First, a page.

Therefore, for us fights the Valiant One.  In the genealogy St. Luke produces, he traces Jesus’ line all the way back to Adam and even calls Adam the son of God. (Luke 3:38)  At Jesus’ baptism, God the Father says of Jesus, “You are my beloved Son.” (Luke 3:22)  Just as Satan attacked that first “son of God,” so he attacked the second.  As soon as he was baptized, Satan assaulted the second Adam, the true Son of God.  “The Son of God,” hmmm?  Did God actually say that?  Well, then, if you really are, turn the stone to bread.  This isn’t the Garden, Jesus.  This is the wilderness.  There is nothing lush here.  If you are the Son of God, turning the rocks into loaves is easy.  You’ve done the bread-in-the-wilderness thing before.  Do it again.  I mean, if you are the Son of God,” (Luke 4:3) anyways.  The Valiant One did not buy the lie. 
     And so it continued.  “The Christ,” you say?  That means you have come to suffer and die.  Really?  Does it really have to come to that?  If you want glory, Jesus, I’ve got glory for you.  After all, I am the prince of this world.  I own them all.  You want ‘em, Jesus?  You can have ‘em!  Just give me a nod, a kneel, one quick genuflection, and just like that, no cross, no pain, no shame!  The Valiant One did not flinch.  “You shall worship the Lord your God, and him only you shall serve.” (Luke 4:8) 
     For us fights the Valiant One.  Jesus Christ overcame all temptation.  He did not choose what was easiest.  He chose fasting over feasting.  He chose suffering over ease.  He chose shame over glory.  He chose pain over peace.  He chose bitter rejection over popularity.  And he chose the cross over the crown.  That is because he chose to save you.  Jesus came to rectify the sins of Adam and Eve and all their sons and daughters.  He chose you.  And so he fought the battle that you have not won.  Could not win.  He came to fight your battle, to fulfill your obedience, and to overcome your enemy for you.  For us fights the Valiant One.  Jesus came to bear your shame, to suffer your fate, to feel your curse, and to die your death.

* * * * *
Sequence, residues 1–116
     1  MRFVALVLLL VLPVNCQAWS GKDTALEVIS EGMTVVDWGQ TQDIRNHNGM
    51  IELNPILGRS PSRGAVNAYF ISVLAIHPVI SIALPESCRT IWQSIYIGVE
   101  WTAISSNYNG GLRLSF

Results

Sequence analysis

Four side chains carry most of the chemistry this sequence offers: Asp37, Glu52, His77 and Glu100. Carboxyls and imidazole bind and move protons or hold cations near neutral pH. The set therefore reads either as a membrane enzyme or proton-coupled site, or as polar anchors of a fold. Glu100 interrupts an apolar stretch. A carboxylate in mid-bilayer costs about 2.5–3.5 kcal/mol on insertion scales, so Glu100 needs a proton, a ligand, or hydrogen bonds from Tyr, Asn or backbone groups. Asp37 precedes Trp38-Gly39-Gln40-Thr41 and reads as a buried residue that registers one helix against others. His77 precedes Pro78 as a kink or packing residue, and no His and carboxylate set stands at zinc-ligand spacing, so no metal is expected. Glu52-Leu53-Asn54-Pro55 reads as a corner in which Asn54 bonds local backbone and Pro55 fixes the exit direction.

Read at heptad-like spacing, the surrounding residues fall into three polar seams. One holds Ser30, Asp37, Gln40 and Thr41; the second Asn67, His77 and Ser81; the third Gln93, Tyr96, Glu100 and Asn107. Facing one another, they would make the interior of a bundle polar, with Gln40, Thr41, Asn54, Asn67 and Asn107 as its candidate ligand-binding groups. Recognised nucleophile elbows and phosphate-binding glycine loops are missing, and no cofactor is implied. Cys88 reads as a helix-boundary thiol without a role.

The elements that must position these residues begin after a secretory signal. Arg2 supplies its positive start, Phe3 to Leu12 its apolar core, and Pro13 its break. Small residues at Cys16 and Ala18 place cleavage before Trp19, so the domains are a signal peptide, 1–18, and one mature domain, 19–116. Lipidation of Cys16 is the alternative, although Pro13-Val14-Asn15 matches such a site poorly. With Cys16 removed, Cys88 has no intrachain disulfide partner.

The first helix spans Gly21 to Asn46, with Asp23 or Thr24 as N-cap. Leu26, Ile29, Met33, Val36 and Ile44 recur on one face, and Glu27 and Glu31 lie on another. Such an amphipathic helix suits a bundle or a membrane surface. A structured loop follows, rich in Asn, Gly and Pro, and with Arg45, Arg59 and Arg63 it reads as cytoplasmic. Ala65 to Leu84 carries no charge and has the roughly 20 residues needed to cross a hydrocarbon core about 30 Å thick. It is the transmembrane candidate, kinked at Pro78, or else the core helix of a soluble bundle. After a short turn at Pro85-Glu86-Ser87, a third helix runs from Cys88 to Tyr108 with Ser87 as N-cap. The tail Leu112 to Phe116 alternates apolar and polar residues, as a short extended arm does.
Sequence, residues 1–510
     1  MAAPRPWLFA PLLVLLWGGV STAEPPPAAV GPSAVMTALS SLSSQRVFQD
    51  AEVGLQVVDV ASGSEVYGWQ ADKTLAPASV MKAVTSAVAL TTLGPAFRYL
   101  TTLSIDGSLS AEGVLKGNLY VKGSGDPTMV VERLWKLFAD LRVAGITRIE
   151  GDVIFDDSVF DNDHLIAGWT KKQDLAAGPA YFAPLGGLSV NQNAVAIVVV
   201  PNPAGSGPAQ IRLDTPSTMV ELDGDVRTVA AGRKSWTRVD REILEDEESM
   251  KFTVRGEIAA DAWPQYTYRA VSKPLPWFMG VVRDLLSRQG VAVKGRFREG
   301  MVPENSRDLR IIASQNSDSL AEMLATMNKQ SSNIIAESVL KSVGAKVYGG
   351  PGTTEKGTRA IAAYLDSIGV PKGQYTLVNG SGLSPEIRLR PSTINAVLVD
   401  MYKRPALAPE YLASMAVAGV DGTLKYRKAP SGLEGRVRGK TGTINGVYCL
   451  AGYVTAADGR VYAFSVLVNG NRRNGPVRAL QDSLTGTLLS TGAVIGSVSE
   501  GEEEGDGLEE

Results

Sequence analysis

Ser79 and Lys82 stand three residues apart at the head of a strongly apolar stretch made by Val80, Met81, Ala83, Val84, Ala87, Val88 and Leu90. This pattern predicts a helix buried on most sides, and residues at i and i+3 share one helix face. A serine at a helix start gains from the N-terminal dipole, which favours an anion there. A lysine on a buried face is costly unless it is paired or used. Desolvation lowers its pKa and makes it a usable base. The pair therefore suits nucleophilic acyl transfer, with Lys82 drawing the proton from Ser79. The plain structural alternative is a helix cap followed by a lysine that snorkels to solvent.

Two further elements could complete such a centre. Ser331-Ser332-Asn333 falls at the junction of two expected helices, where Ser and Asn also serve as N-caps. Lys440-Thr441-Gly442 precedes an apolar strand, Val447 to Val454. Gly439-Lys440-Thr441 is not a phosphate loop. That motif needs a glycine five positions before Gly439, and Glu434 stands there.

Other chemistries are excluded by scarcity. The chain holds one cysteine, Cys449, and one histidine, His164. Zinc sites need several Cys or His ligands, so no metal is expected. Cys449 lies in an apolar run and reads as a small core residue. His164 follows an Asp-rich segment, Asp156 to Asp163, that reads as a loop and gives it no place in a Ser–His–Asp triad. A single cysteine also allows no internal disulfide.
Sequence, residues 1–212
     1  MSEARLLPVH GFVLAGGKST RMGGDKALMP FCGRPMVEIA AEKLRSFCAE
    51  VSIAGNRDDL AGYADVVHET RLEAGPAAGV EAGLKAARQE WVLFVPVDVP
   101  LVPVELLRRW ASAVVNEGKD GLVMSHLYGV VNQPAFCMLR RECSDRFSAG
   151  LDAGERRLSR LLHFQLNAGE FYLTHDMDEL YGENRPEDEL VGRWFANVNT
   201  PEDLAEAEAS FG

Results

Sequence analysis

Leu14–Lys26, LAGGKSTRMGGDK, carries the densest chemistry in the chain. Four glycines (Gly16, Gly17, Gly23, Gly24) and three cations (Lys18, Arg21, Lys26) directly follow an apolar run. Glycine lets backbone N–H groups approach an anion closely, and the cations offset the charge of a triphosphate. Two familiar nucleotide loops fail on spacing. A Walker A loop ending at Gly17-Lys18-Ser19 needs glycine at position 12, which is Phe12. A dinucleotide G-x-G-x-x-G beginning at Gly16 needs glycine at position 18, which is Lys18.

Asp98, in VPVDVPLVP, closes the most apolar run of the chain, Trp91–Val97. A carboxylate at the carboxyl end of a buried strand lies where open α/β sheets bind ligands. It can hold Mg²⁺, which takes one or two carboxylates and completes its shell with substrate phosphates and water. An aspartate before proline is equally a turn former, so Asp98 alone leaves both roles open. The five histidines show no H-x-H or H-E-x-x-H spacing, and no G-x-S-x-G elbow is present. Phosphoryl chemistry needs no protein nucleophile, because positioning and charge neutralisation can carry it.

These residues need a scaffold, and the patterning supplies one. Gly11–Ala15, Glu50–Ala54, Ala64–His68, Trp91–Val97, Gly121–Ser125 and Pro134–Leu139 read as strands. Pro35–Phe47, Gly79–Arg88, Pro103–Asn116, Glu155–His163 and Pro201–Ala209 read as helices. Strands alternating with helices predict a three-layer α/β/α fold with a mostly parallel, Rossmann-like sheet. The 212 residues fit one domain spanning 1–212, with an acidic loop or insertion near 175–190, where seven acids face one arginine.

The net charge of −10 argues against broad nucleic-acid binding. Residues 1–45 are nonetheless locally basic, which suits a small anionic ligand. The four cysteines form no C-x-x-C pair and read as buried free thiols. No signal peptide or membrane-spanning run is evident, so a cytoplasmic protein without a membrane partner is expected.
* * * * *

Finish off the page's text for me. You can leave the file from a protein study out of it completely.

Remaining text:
This is your hope in every temptation.  You have been baptized and declared by God to be his beloved child.  That means that the devil has declared you to be his foe.  He came after Jesus as soon as he was baptized.  Likewise, he will come after you.  But you still fall into temptation.  You may ramp up your efforts in Lent to practice better discipline, to pray more, and to live more godly lives.  These are good and noble aims.  But you will also find that such efforts only prove your weaknesses.  You still find yourself failing to worship the Lord and to serve him only.  You still sin the same sins.  You still lose the same battles.
     Dear Christians, do not fear and do not despair!  For us fights the Valiant One.  He did not leave your enemy wounded or lame.  Jesus has destroyed the devil’s work.  The serpent’s fangs have been broken.  The serpent’s head was crushed by a cross at the Place of the Skull.  Even there, which Satan viewed as a more opportune time to destroy Jesus, Jesus overcame.  At the cross, Satan spoke through the scribes and priests at the cross, challenging him, “If you are the Son of God, come down from the cross.” (Matthew 27:40)  Jesus did not flinch.  He remained obedient.  He was fully committed.  He fought the battle to the end, and he overcame.  By his death, Jesus paid the price for your sins.  He poured out the blood to atone for you.  By his death, Jesus removed Satan’s claims upon you.  By his resurrection, Jesus put an end to sin and its curse.  By your baptism, the Father marked you as his own beloved and redeemed sons and daughters.
     For us fights the Valiant One, Jesus Christ.  He has overcome the devil.  He has crushed the serpent’s head.  He has won the victory.  That is your hope at all times.  Even when you come to the Lord in your sins again, the Valiant One speaks the final word.  It is finished.  You are forgiven.  The victory is yours.  The Son of God says so.  And that is the everlasting truth.

In the name of the Father and of the Son + and of the Holy Spirit.  Amen.

No comments:

Post a Comment

Due to recurring spam, all comments will now be moderated. Please be patient.